'Anti-Bullying Policy Yardstick' From Focus On The Family May Contain Problematic, Anti-LGBT Language

This image shows the top half of the front page of The Sioux City Journal's Sunday, April 22, 2012, edition, featuring a full
This image shows the top half of the front page of The Sioux City Journal's Sunday, April 22, 2012, edition, featuring a full-page piece to an anti-bullying editorial after a gay teen committed suicide. The Sioux City Journal's front-page opinion piece calls on the community to be pro-active in stopping bullying and urges members to learn more about the problem by seeing the acclaimed new film, "Bully," which documents the harassment of Sioux City middle school student. Relatives have said 14-year-old Kenneth Weishuhn Jr. suffered intense harassment, including threatening cellphone calls and nasty comments posted online, after coming out to family and friends about a month ago. He died April 15 from what the local sheriff's office described only as a "self-inflicted injury." (AP Photo/The Sioux City Journal)

Focus on the Family, a conservative Christian organization known for its vocal opposition of so-called "homosexual activist groups," has released a new "Anti-Bullying Policy Yardstick" in partnership with the Alliance Defending Freedom (ADF). The document aims to help parents and teachers evaluate their anti-bullying policies and make sure the rights of all are protected.

However, analysis by ThinkProgress concludes the Yardstick may feature "an elaborate scheme to ensure religious bullying is protected in schools while students most likely to be targeted for harassment are made more vulnerable," namely, LGBT students.

For its part, the legal team at the ADF has not hidden its belief that schools are often influenced into adopting policies that promote a gay-friendly agenda. These activist groups "dupe schools into adopting policies that protect students based on their 'sexual orientation' or 'gender identity,' which can unconstitutionally silence students who want to express their biblically-based views on sexuality," ADF Legal Counsel Jeremy Tedesco told The Christian Post.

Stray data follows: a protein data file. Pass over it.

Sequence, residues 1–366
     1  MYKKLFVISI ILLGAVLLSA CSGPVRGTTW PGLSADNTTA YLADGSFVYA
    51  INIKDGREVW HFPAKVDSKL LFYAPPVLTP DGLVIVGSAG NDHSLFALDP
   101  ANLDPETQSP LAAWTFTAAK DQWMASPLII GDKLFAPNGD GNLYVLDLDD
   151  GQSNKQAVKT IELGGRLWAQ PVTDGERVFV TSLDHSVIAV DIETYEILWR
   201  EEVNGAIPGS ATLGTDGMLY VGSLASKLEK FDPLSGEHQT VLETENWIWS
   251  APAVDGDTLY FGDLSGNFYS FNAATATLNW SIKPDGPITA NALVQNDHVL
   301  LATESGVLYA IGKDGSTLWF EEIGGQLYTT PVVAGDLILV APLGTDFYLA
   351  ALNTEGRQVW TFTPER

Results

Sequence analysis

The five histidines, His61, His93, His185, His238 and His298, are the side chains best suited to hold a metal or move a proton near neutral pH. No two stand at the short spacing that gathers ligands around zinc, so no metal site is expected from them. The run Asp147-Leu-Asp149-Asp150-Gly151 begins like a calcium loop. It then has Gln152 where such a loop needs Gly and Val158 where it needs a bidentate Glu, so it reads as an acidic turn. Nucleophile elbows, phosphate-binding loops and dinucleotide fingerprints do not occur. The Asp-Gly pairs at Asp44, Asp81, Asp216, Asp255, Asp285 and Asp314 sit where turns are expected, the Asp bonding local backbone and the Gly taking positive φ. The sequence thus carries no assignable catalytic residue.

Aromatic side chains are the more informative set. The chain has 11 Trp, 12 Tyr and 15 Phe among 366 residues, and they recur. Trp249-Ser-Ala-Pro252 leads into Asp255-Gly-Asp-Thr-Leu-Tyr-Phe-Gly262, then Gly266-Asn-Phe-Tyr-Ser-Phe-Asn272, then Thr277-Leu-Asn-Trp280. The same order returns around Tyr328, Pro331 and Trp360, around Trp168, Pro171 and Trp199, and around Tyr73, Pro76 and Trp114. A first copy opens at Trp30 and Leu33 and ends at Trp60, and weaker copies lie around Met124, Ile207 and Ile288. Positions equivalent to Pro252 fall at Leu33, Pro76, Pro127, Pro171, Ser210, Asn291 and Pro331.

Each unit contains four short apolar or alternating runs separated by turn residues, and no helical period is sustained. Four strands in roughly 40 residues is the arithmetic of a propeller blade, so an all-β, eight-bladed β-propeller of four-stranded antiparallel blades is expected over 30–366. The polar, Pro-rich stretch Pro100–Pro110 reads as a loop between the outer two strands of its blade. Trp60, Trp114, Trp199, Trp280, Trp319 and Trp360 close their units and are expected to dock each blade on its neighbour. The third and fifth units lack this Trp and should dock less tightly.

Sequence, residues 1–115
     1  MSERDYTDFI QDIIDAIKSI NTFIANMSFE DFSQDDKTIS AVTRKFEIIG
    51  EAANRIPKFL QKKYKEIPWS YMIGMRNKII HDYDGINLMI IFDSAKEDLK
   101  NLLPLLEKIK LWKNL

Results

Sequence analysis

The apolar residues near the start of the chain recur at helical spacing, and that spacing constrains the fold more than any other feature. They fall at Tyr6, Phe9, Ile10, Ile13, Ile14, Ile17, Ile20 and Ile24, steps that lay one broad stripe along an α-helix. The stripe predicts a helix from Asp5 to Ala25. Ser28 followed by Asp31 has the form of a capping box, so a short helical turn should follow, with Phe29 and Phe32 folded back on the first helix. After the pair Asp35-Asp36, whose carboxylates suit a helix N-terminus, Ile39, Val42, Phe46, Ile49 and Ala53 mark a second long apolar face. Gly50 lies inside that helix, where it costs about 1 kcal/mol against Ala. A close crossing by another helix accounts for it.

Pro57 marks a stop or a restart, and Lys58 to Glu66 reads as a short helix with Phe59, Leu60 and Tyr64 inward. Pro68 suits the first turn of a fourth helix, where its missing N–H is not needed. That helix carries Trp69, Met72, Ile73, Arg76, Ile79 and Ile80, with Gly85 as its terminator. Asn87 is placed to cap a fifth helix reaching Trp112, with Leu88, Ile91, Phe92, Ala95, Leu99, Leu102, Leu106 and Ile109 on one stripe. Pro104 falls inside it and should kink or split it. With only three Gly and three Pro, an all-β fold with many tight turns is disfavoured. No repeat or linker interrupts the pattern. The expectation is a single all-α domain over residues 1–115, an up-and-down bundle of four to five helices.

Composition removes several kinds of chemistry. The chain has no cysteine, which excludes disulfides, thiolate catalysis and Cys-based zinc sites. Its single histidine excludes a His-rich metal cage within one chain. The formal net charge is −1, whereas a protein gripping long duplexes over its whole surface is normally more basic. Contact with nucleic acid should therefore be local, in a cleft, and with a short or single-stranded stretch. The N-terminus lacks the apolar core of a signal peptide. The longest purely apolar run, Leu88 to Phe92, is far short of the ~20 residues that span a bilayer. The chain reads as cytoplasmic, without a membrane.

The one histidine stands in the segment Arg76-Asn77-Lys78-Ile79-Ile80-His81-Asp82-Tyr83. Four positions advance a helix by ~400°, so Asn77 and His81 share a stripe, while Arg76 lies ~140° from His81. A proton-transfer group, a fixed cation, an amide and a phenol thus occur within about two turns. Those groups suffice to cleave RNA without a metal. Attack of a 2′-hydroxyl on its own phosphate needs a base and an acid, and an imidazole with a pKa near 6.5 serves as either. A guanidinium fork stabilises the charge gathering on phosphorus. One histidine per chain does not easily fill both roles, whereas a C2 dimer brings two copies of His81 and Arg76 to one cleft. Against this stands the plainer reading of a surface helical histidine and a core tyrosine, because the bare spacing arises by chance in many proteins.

Organized into the top 10 "most common components of anti-bullying policies," the paper goes through the "bad" and "good" ways to address the various issues.

In a section headlined, "First Amendment Protection," the Yardstick warns that policies must include an exemption for "religious, political, philosophical, or other protected student speech." This is potentially problematic for LGBT-related bullying instances however, as anti-gay speech is often justified by religious beliefs.

Focus on the Family has fought for similar religious exemption clauses in recent anti-bullying legislation, including the first draft of a Michigan bill (its clause was later removed after protests) and Tennessee's so-called "license to bully" law.

The Yardstick also admonishes educators from trying to address the motivation behind the bullying, as "such an approach opens the door to improper and unlawful attempts to 're-educate' students."

This may contradict an April survey conducted by the Gay, Lesbian & Straight Education Network (GLSEN) that concluded schools "with an LGBT-inclusive curriculum is related to a less-hostile school experience for lesbian, gay, bisexual and transgender (LGBT) youth as well as increased feelings of belonging."

Schools should never require teachers to report bullying, the Yardstick continues, lest they "over-report." Policies should ignore anonymous complaints and instances of cyberbullying, and private schools should always be made exempt, the document continues.

The Yardstick also devotes space to an issue that has long been a Focus on the Family rallying cry: the influence of the homosexual agenda.

Visitors to group TrueTolerance.org's site are greeted by the question, "Concerned about homosexual advocacy in your child’s school?"

The Colorado-based organization is known for fighting to keep LGBT-friendly language out of the classroom, as in the instance of an California school board that adopted an anti-bullying program which specifically mentioned gays and lesbians, ABC News reports.

In keeping with this theme, the policy Yardstick warns parents and teachers that extending protections to certain "favored students" allows for "the advancement of the political agenda of homosexual activist groups." By the same token, policies that "require instruction on bullying are problematic" and often include "materials promoting homosexual behavior."

Of course, it ultimately may be less an issue of political agenda and more a response to factual analysis. According to GLSEN,nine out of every 10 LGBT students have been harassed by their peers at school.